A Big Hot Mesh Mess

On Tuesday, April 16, The Food and Drug Administration (FDA) officially forced the two remaining companies that sell medical mesh for transvaginal pelvic organ prolapse repair surgeries, Boston Scientific and Coloplast, to discontinue all sales in the United States. This bold and powerful move is one that many pelvic floor therapists have been long awaiting. For years, we have witnessed the deleterious effects that mesh has on our patients, and we have seen the extent of the damage it can cause. Finally, the FDA has gotten the memo, and they are prohibiting doctors from further usage of this product. Pelvic floor therapists around the world are breathing a sigh of relief and saying, “It’s about time.”

But let’s rewind a bit and provide some historical background. Gynecologists have been utilizing mesh since the 1970s to correct pelvic organ prolapse, also known as descent of one (or more) of the pelvic organs (bladder, uterus, and/or rectum). When the suspensory ligaments that attach to the organs or the supportive muscles beneath the organs weaken, the organs may descend lower than they should. Mesh is a device that provides additional support to the weakened tissue. Surgical mesh is typically comprised of either synthetic material or animal tissue. Mesh repair surgeries have been performed transabdominally as well as transvaginally. Both approaches have been deemed “controversial” in the past decade, especially after complaints began pouring in by the dozen. In fact, the 2016, the FDA acknowledged increasing concern by changing the former classification of transvaginal POP mesh from a “moderate-risk device” to a “high-risk device.” However, it wasn’t until last month that the product was recalled altogether…for treatment of POP.

But…mesh has also been used to treat stress urinary incontinence. It has been implanted transvaginally to support the bladder neck or urethra (also referred to as sling procedures). And yet, the FDA has NOT banned usage of mesh for these procedures because…your guess is as good as mine.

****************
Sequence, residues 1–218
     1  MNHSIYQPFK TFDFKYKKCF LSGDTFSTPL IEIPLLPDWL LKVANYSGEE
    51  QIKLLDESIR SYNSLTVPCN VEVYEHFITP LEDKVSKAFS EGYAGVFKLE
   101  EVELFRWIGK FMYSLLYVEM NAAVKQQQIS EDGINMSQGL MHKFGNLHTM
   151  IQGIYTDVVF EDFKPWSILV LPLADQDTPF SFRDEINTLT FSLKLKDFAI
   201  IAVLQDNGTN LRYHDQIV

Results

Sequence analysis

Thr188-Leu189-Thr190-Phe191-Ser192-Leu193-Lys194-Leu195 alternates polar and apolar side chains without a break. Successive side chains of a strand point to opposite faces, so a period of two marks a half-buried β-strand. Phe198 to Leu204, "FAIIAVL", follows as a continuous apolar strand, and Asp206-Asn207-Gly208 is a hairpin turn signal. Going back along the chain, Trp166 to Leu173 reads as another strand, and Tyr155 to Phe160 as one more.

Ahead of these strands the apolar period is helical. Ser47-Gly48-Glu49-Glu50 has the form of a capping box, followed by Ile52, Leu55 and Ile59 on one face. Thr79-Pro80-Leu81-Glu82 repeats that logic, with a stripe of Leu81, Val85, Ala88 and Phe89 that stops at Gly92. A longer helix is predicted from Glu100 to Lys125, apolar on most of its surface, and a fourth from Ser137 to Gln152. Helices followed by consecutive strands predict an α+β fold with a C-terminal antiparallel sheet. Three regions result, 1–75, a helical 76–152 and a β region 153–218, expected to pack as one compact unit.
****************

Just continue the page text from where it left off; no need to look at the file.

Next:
According to the FDA, approximately 10-15% of the 10 million women worldwide who have undergone these surgeries have experienced serious complications. Within the United States, more than 10,000 reported complaints of severe injury and eighty deaths as of last year. More than 100,000 people have filed complaints against mesh manufacturers at both the state and federal levels.

These statistics include both prolapse repair and urinary incontinence related surgeries. Shockingly, the FDA has only recalled mesh within the context of prolapse related surgeries. How many more women who have undergone sling surgeries will need to suffer before the FDA gets another wake up call? How many more reports will need to be filed?

Please allow me to be clear- my goal is NOT to frighten women who have undergone successful mesh repairs. If you have had a surgery involving mesh and are feeling better, mazal tov! I am thrilled to hear that, and I hope you continue to feel wonderful for many happy and healthy years. My very strong opinions are being expressed from the perspective of a therapist who has worked with the minority of mesh recipients who are struggling, of the ones who have experienced complications that include pain, infection, dyspareunia (pain during intercourse), urinary complications, bleeding, and/or organ perforation. So yes, I am extremely biased. And I am also biased against surgery altogether as a pelvic floor specialist.

Why are thousands of women being operated on, undergoing invasive and often unnecessary surgical procedures, for POP and urinary incontinence, both of which can be significantly improved with conservative pelvic floor physical therapy? Kate Haranis, a spokeswoman for Boston Scientific, foolishly stated that “the inaccessibility of these products will severely limit treatment options for the 50 percent of women in the U.S. who will suffer from pelvic organ prolapse during their lives.” (Oh yeah, by the way, she also admitted that transvaginal mesh accounts for $25 million in annual sales for the company.) I counter that the inaccessibility of these products will prevent further harm to suffering women who are given misinformation by their doctors. I also would wager money on the fact that Haranis has not done her homework on the benefits of pelvic floor physical therapy. She is not aware that studies have revealed that on average, pelvic floor physical therapy has been shown to reduce prolapse by one grade (out of four). I wonder if she has ever even heard of a pessary, another alternative to surgery.

Ladies, granted, we have won a big battle, but we are still fighting a war. The road ahead of us may be long and arduous, but we won’t quit. We pelvic floor physical therapists will continue to fight alongside you, and we will educate as many medical practitioners as possible about the benefits of pelvic floor physical therapy as the first line of defense against POP and incontinence.

The Endometriosis Summit

Dr. Iris Orbuch sharing knowledge at The Endometriosis Summit

Mandie and other participants raise their hands while raising awareness during Endometriosis Awareness Month!